Thursday, September 19, 2013

Talking About It

Talking about it is hard.

Whenever you make new friends there inevitably comes that moment where you have to tell them.

Maybe not right away, maybe its like a few months in.

But eventually you have to say yeah… my childhood wasn’t actually perfect.

“they were really religious… they homeschooled me k-12.” But you seem so normal!

“yeah I have 10 siblings.. no we’re not catholic…” I could never do that! Your mum must be a saint!

“no I will never have that many kids. No I don’t plan to homeschool. No it wasn’t a good experience.”

You sit there feeling like a freak show. Everybody’s gawking because they’ve never even heard of such things. Surely you must be exaggerating?! But in reality you’re dumbing it down, polishing the edges.

And in the back of your mind is the old family mantra hissing “You are so selfish. Telling tales for attention. People are going to think bad things about the family! Where is your loyalty?!”

They all shake their heads in wonderment. Courtship? Isn’t that another word for dating? You are monopolizing the conversation now. But they won’t let you stop. They have so many questions. You’re like a space alien telling stories about your exotic and barbaric planet.

You mentally sweep the years of violence and neglect and manipulation into a neat little dustpan and name it: “It wasn’t really a healthy environment.” And people infer what they want, and you move on. And eventually someone changes the subject and you sit there feeling embarrassed.

You wonder if your cheeks have turned red. Did you say too much? “You always say too much!” You smile and engage in the rest of the conversation. And then you go home and aggressively wash the dishes, fighting back your rising anxiety.

Eventually you find yourself in bed with a pillow over your face.

Trying to slow your breathing. Trying to fall asleep.

Its been ages. It should be so hard to talk about.

Friday, July 26, 2013


I am intimately familiar with the feeling called longing
Intense, sharp, caustic need
the kind that chews a hole inside your chest
like a shot of novocain, a burn and a sting

I only ever longed for freedom
burning my hands over a steaming pot
the future stretching out before me
strangled by the sameness and monotony

longing like bile in my throat
gagging, choking, my stomach in knots
fight or flight, but i could do neither
twelve years old and living in my own coffin

need is dangerous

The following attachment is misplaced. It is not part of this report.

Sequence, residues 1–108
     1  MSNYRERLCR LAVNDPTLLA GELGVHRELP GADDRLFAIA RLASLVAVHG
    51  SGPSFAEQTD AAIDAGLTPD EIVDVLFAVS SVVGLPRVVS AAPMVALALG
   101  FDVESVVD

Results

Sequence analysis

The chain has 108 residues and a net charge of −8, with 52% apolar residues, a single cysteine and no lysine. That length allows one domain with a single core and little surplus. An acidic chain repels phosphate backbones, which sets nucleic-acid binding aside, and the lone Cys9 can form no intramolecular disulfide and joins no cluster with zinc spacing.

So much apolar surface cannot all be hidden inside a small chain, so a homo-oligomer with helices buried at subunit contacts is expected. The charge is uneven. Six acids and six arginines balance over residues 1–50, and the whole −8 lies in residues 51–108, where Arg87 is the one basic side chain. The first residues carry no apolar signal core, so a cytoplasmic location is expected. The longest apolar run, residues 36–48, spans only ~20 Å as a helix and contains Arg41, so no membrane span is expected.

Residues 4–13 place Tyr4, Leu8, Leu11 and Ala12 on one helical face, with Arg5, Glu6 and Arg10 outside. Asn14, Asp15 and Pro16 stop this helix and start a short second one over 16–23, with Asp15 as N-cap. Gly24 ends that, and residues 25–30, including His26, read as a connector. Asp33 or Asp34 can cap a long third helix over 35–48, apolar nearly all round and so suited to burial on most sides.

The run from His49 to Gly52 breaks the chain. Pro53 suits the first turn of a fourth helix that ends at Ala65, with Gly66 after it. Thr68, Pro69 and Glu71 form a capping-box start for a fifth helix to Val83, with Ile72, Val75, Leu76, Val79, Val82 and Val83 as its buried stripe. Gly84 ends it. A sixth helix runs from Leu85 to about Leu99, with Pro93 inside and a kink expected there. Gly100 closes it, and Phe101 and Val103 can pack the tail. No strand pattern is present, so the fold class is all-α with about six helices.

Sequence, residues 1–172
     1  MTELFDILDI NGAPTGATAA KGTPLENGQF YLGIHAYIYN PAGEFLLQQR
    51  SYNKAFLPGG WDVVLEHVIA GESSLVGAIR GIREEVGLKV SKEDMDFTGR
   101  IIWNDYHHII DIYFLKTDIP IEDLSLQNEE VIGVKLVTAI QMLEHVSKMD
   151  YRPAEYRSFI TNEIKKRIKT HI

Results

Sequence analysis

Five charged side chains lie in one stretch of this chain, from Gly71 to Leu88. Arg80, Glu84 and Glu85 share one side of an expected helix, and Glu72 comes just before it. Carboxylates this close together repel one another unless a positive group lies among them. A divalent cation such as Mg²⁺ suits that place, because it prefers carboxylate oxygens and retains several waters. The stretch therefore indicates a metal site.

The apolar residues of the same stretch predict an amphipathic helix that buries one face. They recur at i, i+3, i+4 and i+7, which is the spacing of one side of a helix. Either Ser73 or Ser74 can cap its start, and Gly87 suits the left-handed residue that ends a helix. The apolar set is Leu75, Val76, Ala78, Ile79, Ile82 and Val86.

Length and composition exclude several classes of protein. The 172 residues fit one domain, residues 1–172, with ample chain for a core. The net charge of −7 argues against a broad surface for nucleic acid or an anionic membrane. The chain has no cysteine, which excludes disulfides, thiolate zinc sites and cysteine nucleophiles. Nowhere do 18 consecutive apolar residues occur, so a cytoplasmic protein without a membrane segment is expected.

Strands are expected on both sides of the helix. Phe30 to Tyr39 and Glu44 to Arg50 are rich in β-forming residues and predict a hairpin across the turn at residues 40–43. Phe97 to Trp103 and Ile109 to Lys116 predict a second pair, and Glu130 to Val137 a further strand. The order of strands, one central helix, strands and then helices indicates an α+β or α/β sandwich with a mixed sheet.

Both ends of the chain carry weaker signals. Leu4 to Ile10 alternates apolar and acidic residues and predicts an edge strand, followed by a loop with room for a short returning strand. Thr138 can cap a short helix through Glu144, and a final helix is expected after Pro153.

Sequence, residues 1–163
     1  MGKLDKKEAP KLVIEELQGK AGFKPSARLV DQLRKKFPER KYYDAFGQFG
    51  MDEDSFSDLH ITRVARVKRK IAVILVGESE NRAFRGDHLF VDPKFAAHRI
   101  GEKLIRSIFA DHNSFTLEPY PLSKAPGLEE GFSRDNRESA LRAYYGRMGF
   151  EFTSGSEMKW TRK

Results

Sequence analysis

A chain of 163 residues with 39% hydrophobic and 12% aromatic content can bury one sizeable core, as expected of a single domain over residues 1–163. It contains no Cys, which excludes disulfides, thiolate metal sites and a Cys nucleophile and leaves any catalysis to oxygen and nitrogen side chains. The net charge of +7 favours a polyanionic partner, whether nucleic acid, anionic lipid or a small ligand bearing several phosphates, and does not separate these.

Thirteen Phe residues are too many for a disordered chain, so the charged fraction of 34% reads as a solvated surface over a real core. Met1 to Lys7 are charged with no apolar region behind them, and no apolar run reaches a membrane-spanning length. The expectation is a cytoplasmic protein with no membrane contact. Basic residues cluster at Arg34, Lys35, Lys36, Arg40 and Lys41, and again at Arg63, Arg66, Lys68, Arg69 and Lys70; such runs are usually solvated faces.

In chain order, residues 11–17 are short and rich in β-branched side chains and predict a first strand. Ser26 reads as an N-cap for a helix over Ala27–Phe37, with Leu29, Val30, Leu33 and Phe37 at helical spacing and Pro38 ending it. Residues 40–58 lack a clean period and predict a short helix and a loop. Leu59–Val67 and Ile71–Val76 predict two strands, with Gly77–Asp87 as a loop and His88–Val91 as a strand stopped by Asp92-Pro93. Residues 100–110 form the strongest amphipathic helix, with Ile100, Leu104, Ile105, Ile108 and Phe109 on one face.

if you acknowledge it, it demands to be satisfied
and when you can’t deliver
longing will

with sharp, curved claws
longing tore it’s way through my lungs
i stopped breathing for 6 years
those talons tore divots in my baby skin

I chased after freedom even as my lips were turning blue
flat on my belly, crawling with my fingernails
this longing is brutal
it will kill you before it will be ignored

every year i long for Fall
every fall i’d turn one year closer to freedom
it was fall when I broke away and started running
fall is a clean cold slate against fevered skin

the longing for freedom is part of being human
it’s right beneath your skin
a hungry monster you will never escape
I’d advise you to embrace it before it eats you alive

(originally published on my Tumblr)

Friday, July 19, 2013

Progress: As Seen In My Morning Routine

I wake up.

My room is a little bit messy.
I have learned that there is no need to berate myself for not folding my socks before they go into the drawer. Skipping laundry day does not make me a bad person.

I stumble into the bathroom wearing boxers and a star wars t-shirt.
I am not obligated to wear sexy lingerie and nightgowns to bed. I am not obligated to wear underwear designed for women. I am only obligated to wear what makes me feel comfortable.

I brush my teeth and wash my face and I DON’T weigh myself.
There is no scale in my bathroom. I have learned that my health is measured by how I feel, and my worth isn’t measured at all.

I rub styling paste into my short, boyish hair and stand it straight up.
My hair is not my crown of glory. My hair is not a symbol of my relationship with a deity. My hair does not hide the roundness of my face or accentuate my femininity. My hair is just hair. And it makes me feel free and powerful and I think its sexy as hell. And that’s all that matters.

I slap on a swatch of winged eyeliner.
I don’t care what it “says” about me. I just like how it makes my eyes look greener. It’s not for you. It’s for me.
I get dressed.
Dress pants from the men’s section of Banana republic. A flattening sports bra. A button up, tucked in. A grey cardigan. Wide, flat stud earrings. My clothes make me feel confident, and they reflect me very accurately. I am masculine and feminine rolled into one. I am me. I am different. And that’s okay.

I eat breakfast.
Fruit and toast with almond spread. I am a vegan. Respecting nature is important to me. This is a personal moral decision, and it doesn’t mean that I am foolish, or arrogant like I was taught. Living vegan makes me feel honest and compassionate, and that’s a good enough reason.

I kiss my Hunnie goodbye on my way out the door.
I’m off to work an 8 hour day. I bring home the bacon, and that doesn’t make me less of a woman any more than it makes him less of a man.

On the way to work, I call to make an appointment with my Doctor.
I’m getting a  hormonal birth control implant in my arm, because I don’t want to get pregnant. Not now, maybe never, and that’s okay. My value is not defined by my willingness or ability to give birth. My family is not defined by how many children we have.

Feminist, queer person, agnostic, vegan, student, nerd, employee, blogger, singer, activist; these labels fit me, but they don’t define me. I am Sarah, and I am more than the sum of my parts. I am free, and I am finally learning what it means to be happy.

Tuesday, July 16, 2013

My Journey: An Update

I have been neglecting my blog.

But I promise, the reasons are mostly good. I have been getting better. So much better. The suffocating blanket of uncertainty has almost completely disappeared. So many of my fears have been replaced with confidence and peace. I don’t feel so raw all the time anymore. I don’t always feel the need to pour my emotions out on “paper” to get them out of my system. I think I know who I am now. As an individual. And most days that means I feel peaceful, and happy.